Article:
acetaminophen question

I know that technically the lethal dose of acetaminophen is 7-10grams depending on how long apart it’s taken or if it’s taken at once. But does body weight play a factor in overdose and lethality?

Say a 250 man takes ten 500mg Tylenol at once and gets sick and his liver enzymes skyrocket and he almost dies. Would it be the same situation for a 400lb man?

Does it take more to kill someone who weighs more or is it not one of those drugs? In other words, does it function like alcohol/body weight?

gabriela will be in here presently to give a better answer, but my guess (I’m not a doctor, but once upon a time I got a degree in animal physiology) is that it depends on the size and function of the liver, which is what acetaminophen attacks. A person with a larger or higher functioning liver might handle a large dose better than a person with a smaller or lower functioning liver. And, AFAIK, being severely overweight can damage the liver, so your 250 pounder might be better off than the 400 pounder.

I believe you are correct. Weight might have only a lose correlation with the toxic dose. For example, some heavy drinkers have taken a somewhat regular dose, gone into acute liver failure and died rather suddenly. They wouldn’t necessarily have been drinking when they took it but the types of liver damage that alcohol inflicts on the liver doesn’t play well with acetaminophen. That is why there is that warning label on Tylenol these days not to take it if you have X number of drinks a day.

People differ in the ability to metabolize different drugs in the liver a great deal. That is mostly matters in this case so you can’t assign a firm weight scale to it.

**Dope on Dosage **

Still, the LD50 for acetaminophen is listed in units of mg/kg, so there must be at least a rough correlation.

Toxic dose does, in part, depend on body mass, as a drug will partition into cells, intracellular fluid as well as in blood. However, in the case of acetaminophen (paracetamol) poisoning, the liver uses glutathione as part of the metabolic process. Once the glutathione stores are used up, toxic products are made (NAPQI) that begin to raise hell in the cell. After two or three days, liver cells die off, and you along with them.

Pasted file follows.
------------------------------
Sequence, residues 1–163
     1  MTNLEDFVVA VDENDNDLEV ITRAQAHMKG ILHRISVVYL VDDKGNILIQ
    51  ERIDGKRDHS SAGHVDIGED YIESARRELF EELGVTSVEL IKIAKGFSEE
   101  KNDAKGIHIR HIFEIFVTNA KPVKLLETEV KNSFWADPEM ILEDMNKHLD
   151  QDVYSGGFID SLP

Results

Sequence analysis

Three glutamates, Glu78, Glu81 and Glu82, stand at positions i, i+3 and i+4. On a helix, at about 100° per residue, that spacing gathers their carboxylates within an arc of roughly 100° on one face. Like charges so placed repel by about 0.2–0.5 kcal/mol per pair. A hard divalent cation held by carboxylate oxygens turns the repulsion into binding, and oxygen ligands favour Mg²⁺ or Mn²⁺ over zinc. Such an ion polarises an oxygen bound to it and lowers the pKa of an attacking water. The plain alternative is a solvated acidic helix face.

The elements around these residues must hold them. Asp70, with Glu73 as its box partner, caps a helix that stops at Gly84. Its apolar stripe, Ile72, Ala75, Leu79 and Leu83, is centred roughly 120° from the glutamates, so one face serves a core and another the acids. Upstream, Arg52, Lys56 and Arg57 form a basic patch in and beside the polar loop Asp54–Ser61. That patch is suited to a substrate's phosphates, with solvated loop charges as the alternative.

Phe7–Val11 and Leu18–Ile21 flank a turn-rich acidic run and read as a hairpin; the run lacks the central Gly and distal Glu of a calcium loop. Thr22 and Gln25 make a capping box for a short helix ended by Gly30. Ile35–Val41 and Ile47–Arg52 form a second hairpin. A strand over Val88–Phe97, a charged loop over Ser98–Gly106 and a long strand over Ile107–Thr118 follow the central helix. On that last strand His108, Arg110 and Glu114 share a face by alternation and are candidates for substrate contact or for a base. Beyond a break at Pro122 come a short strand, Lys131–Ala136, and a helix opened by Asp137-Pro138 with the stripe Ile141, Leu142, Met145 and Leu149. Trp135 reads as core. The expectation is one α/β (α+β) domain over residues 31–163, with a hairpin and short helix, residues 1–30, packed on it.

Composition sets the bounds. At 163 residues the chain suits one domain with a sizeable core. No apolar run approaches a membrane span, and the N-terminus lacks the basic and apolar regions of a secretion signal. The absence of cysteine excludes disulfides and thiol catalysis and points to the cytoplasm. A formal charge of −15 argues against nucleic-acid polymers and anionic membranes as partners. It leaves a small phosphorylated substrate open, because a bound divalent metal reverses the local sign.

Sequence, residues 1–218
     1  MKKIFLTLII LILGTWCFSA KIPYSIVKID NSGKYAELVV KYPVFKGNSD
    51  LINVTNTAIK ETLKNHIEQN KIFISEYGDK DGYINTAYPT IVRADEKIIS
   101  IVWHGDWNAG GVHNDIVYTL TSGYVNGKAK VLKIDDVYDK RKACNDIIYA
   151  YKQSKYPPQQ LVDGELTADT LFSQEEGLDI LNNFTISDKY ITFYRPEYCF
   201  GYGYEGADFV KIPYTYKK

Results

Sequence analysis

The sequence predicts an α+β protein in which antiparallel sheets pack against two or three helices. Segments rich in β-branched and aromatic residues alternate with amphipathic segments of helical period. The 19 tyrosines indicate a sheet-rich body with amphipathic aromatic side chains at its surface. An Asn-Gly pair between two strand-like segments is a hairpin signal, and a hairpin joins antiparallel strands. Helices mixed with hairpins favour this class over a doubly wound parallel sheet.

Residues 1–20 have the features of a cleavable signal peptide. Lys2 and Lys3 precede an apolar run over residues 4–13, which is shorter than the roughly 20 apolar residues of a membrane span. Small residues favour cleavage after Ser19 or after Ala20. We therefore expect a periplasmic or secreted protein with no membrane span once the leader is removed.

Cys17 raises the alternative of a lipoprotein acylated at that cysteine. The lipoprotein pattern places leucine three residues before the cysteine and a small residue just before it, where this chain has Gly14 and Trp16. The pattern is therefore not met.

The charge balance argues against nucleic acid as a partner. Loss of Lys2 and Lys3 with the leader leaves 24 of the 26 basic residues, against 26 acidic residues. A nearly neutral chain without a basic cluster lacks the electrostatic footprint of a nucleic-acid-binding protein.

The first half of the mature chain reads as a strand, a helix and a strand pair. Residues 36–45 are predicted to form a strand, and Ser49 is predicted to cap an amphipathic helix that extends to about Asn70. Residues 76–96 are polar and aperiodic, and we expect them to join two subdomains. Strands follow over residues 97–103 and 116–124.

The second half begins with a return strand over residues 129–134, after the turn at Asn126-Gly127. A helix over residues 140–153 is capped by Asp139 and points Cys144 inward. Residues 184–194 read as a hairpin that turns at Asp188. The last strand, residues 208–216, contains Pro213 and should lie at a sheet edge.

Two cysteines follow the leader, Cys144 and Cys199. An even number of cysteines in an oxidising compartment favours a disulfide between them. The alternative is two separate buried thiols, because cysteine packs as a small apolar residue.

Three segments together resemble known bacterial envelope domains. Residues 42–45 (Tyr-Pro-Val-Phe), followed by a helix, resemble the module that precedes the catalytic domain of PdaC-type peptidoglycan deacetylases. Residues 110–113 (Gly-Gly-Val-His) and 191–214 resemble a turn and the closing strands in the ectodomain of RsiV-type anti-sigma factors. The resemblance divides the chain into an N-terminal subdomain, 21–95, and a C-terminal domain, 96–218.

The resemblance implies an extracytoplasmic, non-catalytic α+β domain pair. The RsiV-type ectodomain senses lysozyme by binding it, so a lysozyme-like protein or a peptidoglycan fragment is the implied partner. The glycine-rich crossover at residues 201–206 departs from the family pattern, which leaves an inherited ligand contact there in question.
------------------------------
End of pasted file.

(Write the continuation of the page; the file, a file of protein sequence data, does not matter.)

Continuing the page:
Currently, my lab is exploring the phenomenon of surviving toxic doses of acetaminophen when the patient has been taking large, non-lethal doses previously.

Vlad/Igor

The liver size isn’t as much a factor as the function. In fact, an especially large liver is more likely to be diseased, making the toxic dose lower than in a normal (sized) liver.

Liver failure is a truly terrible way to die. Vlad/Igor is incorrect in saying when liver cells die you will too.

It can take weeks to die from liver failure. As the liver fails, toxins build up in the blood, causing shaking tremors, confusion, restlessness and massive swelling of the abdomen. The skin becomes yellow/orange, from the accumulation of bilirubin. Since the liver makes several of the components required for blood clotting, bleeding from the bowel becomes problematic. Ultimately every needle stick, every tiny trauma becomes a bleeding crisis.
The restlessness and confusion is an early stage of hepatic coma. It will eventually progress to unconsciousness, and finally, the blessed release of death.

The only treatment, other than liver transplant, is supportive. Examples of supportive care are, replacing the lost blood products and restraints to prevent injury from the restlessness.

Liver transplant isn’t always an option, since many patients die before a compatible donor comes along.
The surgery is complicated. It can take 8 hours to complete. When the patient comes back from surgery, they require tons of blood components. They can ooze for days. They are in ICU for days to weeks after surgery.